Delaware recently revised its General Corporation Law (DGCL) to provide specific authority for Delaware corporations to use networks of electronic databases, including the nascent “blockchain” database technology, for the creation and maintenance of corporate records. (more…)
Early stage investing has seen a prolific form of capital raising enter the market over the last couple of years, called the “initial coin offering” or “initial token offering” (ICO). ICOs provide issuers with an alternative form of fundraising through the offering of tokens or coins that are virtual currencies or cryptocurrencies. In its simplest form, a company attracts investors looking to get in on the exploding returns in the cryptocurrency market by selling its own digital currency in an offering that looks a lot like crowdfunding. However, cryptocurrency has been headline news lately because of the high level of fraud in the market and the great volatility in value of such currencies.
In private mergers and acquisitions transactions in the United States, it has long been customary to exclude certain kinds of fraudulent conduct from negotiated limits of liability and exclusivity of legal remedies for losses arising out of the transaction, on the theory that the party that is defrauded should not be subject to such negotiated liability limits or be limited in its remedies. Traditionally, “fraud” was simply excluded from the coverage of the liability allocation provisions of the definitive agreement. More recently, however, parties have revisited this so called “fraud carve-out,” including the types of fraud and circumstances in which fraud should be excluded from a liability cap and who should be responsible for such uncapped liability. Without specificity, there is the potential for unintended consequences to the parties of converting claims that ostensibly are covered by the negotiated liability/remedy scheme into uncapped claims and the perceived unfairness of allocating that liability to investors not involved in the operations. The recent case of EMSI Acquisition Inc. v. Contrarian Funds, LLC, et al. is illustrative, particularly for transactions governed by Delaware law.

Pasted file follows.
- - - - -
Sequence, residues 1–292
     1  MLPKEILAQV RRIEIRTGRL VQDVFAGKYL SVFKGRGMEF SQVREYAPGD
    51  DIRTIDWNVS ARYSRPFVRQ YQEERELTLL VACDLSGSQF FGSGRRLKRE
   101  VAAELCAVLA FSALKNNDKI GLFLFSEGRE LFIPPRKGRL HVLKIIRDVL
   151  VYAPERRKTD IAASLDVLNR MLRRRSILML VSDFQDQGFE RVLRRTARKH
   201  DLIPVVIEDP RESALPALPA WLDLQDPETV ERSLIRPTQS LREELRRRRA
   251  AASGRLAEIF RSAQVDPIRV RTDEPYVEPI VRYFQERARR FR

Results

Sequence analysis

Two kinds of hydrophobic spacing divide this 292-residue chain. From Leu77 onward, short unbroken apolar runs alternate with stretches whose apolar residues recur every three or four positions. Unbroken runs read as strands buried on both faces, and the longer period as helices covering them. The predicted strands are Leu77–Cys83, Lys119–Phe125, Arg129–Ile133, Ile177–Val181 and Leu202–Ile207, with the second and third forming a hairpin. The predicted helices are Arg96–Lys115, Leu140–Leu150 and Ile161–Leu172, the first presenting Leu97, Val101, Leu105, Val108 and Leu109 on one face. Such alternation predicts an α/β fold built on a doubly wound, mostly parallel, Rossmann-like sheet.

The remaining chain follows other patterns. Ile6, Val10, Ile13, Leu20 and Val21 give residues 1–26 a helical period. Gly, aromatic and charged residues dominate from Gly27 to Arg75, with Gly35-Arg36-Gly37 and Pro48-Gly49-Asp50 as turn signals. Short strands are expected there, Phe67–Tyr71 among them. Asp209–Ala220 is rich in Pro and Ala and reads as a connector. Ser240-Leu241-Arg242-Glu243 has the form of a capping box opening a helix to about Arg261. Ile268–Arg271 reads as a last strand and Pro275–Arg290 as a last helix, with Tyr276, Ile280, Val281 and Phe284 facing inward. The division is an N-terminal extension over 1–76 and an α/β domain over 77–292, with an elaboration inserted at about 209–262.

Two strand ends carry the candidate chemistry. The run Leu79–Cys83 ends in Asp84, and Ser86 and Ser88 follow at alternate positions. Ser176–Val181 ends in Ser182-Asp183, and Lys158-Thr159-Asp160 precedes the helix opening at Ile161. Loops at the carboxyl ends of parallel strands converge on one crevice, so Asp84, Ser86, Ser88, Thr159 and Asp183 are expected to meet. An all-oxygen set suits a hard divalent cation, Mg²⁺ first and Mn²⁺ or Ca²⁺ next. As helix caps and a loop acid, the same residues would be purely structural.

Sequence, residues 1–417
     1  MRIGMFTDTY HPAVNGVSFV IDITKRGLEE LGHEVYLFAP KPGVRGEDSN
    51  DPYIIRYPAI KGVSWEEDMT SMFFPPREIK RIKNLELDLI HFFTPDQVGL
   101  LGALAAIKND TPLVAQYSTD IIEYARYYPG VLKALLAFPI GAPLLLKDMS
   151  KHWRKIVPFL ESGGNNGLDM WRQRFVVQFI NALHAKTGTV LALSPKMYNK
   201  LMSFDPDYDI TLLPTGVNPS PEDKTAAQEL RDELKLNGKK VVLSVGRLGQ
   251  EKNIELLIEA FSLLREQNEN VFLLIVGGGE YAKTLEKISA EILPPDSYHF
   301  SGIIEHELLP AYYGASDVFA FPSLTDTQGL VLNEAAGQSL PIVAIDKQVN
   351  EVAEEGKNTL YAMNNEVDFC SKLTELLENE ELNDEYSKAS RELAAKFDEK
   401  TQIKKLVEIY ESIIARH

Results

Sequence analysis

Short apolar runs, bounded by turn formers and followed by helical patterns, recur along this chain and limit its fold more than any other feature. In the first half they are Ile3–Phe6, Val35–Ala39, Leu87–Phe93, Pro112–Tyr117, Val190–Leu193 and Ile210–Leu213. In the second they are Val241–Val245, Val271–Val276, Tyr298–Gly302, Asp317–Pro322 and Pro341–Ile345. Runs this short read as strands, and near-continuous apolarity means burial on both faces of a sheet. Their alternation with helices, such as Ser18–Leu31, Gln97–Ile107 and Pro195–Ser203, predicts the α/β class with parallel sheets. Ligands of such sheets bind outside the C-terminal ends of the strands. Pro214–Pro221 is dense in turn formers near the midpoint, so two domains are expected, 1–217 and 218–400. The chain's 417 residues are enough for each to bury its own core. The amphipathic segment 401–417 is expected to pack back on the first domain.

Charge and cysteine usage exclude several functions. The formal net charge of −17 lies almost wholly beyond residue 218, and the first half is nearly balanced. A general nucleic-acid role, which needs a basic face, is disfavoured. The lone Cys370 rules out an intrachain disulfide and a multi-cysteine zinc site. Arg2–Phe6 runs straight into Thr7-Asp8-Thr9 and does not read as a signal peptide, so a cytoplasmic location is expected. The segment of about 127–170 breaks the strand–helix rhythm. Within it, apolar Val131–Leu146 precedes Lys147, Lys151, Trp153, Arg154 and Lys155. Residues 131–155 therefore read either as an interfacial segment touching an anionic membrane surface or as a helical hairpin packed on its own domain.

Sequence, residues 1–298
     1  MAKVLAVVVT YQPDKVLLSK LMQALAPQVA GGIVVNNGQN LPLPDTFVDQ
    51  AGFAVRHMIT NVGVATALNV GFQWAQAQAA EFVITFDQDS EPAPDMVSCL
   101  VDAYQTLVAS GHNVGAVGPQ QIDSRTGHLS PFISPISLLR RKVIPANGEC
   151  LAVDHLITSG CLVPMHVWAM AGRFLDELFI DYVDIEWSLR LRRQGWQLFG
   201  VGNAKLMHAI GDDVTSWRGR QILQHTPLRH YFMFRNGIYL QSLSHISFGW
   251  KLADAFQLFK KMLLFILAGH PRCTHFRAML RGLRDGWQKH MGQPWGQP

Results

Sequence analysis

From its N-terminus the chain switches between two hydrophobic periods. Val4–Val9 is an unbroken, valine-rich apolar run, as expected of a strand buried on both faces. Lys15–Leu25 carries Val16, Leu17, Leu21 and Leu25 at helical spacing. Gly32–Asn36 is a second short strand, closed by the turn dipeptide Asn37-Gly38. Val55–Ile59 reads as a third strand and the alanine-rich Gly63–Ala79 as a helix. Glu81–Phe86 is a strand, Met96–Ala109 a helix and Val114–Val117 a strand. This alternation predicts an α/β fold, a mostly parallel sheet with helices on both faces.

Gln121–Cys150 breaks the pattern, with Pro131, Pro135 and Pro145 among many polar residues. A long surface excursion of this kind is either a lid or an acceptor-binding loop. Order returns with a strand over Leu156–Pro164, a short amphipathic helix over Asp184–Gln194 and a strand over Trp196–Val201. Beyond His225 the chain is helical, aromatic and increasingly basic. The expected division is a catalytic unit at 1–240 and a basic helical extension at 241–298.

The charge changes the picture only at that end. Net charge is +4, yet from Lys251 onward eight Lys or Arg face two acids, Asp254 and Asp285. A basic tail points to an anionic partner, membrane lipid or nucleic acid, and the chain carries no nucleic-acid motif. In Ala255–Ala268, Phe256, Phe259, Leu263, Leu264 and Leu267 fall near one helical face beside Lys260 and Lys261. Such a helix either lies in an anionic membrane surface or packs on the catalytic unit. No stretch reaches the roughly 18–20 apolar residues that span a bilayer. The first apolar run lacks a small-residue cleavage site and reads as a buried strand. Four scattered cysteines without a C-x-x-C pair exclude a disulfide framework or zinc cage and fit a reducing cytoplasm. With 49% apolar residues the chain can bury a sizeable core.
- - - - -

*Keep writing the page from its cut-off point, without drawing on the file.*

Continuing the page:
“Taking Care of Business” is a new blog from White and Williams’ Corporate and Securities Group. With the help of our friends in Cyber Law and Data Protection, Tax, Real Estate and Finance, Bankruptcy, Intellectual Property, Labor & Employment and Commercial Litigation, TCB will focus on emerging issues impacting the business community at every stage of the lifecycle from formation to growth and to exit. Whether it be important updates on day-to-day operational matters such as tax planning, employee benefits, commercial contracts, corporate finance, intellectual property, regulatory and data privacy and cybersecurity, or best practices and recent trends or legal developments of note applicable to transactional matters including acquisitions, strategic alliances, private equity and venture capital financings and debt financings, we’ve got you covered. And of course, we will keep you posted on any recent developments on the litigation and bankruptcy fronts too. In short, TCB will be a “one stop shop” for insights and commentary on everything relevant to owning and operating a business.
To give you a sense of the breadth of topics to be covered, today’s blog highlights five current legal issues that are on the minds of many of our clients. (more…)
- Delaware Supreme Court Rejects the Trial Court’s Statutory Appraisal Analysis in Aruba Networks
- Tax Freedom Day
- Delaware Chancery Court Opens Discussion of Enhanced-Independence Director Deference for Controller Transactions
- JPM Coin and the Future of Commercial (and Maybe Consumer) Transactions
- New Amendment to NJ Law Against Discrimination Renders Common Employment Agreement Provisions Unenforceable